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New Super Mario Bros. (DS) artwork

New Super Mario Bros. (DS) review

"With most modern games choosing to focus on today’s big trends, the occasional nostalgic title is (ironically) a breath of fresh air. It feels refreshing to have something that is not concerned with wowing you with cinematic presentation, providing a deep, complex story, and whatever other ideas and gimmicks the big games of today might contain. "

With most modern games choosing to focus on today’s big trends, the occasional nostalgic title is (ironically) a breath of fresh air. It feels refreshing to have something that is not concerned with wowing you with cinematic presentation, providing a deep, complex story, and whatever other ideas and gimmicks the big games of today might contain.

New Super Mario Bros ignores any modern trends and strips the series back to its 2D roots. Forget anything Nintendo has been trying over the past twenty years or so. NSMB takes Mario back to his days of 2D platforming, running and jumping through linear levels, and pulling down flags and clearing castles to save the princess.

Unfortunately, going back almost twenty years isn’t as pleasant as it might sound.

Although it is a new entry and not some sort of remake bullshit Nintendo likes to pump out, NSMB fails to be the next step forward after the phenomenal Super Mario World and Super Mario Bros 3. As the series progressed over the years, we have seen new level designs, items, gameplay mechanics, and more. Instead of taking the series to the next level, NSMB feels like one giant step back. The levels might have been a blast back then, but today they come across as stale and lacking. Most of them offer nothing new that wasn’t seen before in the previous games. Instead of getting all excited about revisiting classic moments, I was thinking “do I need to play yet another water level where I swim through fish and collect coins?” and “when can I get to the castle so I can finish this world and hopefully see something new?”.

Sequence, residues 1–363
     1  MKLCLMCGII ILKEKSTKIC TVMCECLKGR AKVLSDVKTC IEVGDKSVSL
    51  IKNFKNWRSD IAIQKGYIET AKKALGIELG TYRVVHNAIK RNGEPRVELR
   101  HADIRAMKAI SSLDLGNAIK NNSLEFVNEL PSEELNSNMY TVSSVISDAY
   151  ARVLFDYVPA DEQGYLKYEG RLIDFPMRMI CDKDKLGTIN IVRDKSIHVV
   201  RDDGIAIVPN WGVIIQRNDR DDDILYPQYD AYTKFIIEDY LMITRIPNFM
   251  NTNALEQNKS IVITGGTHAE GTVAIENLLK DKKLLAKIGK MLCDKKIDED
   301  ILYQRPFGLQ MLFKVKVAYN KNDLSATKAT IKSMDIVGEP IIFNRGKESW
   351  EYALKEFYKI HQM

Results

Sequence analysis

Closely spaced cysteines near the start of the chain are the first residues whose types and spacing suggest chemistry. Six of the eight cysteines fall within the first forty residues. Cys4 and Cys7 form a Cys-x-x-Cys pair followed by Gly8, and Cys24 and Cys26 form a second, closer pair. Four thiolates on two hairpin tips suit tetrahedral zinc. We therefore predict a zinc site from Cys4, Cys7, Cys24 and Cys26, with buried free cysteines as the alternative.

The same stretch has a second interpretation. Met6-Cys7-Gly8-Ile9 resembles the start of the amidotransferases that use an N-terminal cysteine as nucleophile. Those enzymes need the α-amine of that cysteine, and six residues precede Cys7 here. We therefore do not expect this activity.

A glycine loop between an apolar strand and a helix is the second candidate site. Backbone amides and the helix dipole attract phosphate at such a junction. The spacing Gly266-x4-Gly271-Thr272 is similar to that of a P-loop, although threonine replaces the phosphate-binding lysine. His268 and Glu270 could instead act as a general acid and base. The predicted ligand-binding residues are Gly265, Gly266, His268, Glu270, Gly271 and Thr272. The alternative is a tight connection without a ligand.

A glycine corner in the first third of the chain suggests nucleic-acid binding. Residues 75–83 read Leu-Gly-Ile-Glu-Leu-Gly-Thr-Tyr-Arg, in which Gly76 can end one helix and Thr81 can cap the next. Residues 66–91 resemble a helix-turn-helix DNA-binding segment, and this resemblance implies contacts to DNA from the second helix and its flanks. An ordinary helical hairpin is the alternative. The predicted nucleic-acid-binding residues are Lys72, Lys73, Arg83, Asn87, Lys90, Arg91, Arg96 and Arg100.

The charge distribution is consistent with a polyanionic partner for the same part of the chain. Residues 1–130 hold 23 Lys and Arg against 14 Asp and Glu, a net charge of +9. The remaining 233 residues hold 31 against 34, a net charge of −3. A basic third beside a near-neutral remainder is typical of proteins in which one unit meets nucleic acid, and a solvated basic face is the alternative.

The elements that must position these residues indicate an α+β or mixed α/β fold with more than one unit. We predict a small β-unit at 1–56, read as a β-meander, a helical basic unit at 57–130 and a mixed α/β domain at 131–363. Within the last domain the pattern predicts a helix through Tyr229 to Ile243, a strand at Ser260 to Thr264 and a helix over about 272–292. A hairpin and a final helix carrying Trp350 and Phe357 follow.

NSMB takes exactly zero chances with its predictable gameplay, and offers very few new elements over the original Super Mario Bros. The most noticeable addition is probably the ability to kick off walls to reach ledges that are normally unreachable with a normal jump. This is a welcome addition, but often proved to be more frustrating than anything due to me accidentally kicking off walls that I didn’t want to kick off of. Then there are a few new powerups present as well. There’s a koopa shell that allows you to run through enemies similar to a kicked koopa shell, a mini mushroom that allows you to reach certain areas that are otherwise unattainable, and finally the big mushroom, which appears too rarely to be of any importance. The first two are decent additions, but when the advances of Super Mario World and Super Mario Bros 3 are omitted they really don’t seem too remarkable. Without Yoshi, the raccoon suit, and anything after the original Super Mario Bros the game seems more like a step backward than a step forward.

It might be bland and lacking in areas, but the biggest problem with the game has to be its difficulty. Most Mario games are not known for their difficulty, but NSMB takes it to a whole new level. I wouldn’t exactly consider myself to be a 2D platform expert and managed to finish the game with about fifty spare lives. There are so many ways to earn lives, from collecting coins, to finding mushrooms, and much more to the point where losing a life barely penalizes you and there is no fear about being wiped out at all.

Fortunately the game isn’t a total stinker. The final world is definitely a step in the right direction, featuring new enemies and much improved level design. NSMB finally begins to build on Super Mario World’s innovations and brings out some interesting level concepts. One of my favorite bits was one of the last levels, where you’re moving vertically while being chased by rising lava reminiscent of Donkey Kong Country 2’s final stages. There are even two distinctive hidden worlds available to visit which can only be obtained from finding the secret entrances. This provides the game with a good amount of replay value.

There is definitely some good gameplay to be found here, but that is a very small part of the package. Fact of the matter is NSMB is not a nostalgic trip from the NES days. Most of it comes across as a very old game with new levels. Even though the graphics received a nice update and the enemies occasionally move to the music, we are still left with what is basically Super Mario Bros with different levels and no challenge. More than twenty years later the strengths of the old games are nowhere to be found, and the flaws are more glaring than ever. If New Super Mario Bros did not star Mario and feature a slew of other familiar faces, this title would’ve been something that is quickly forgotten.

Halon's avatar
Community review by Halon (January 03, 2010)

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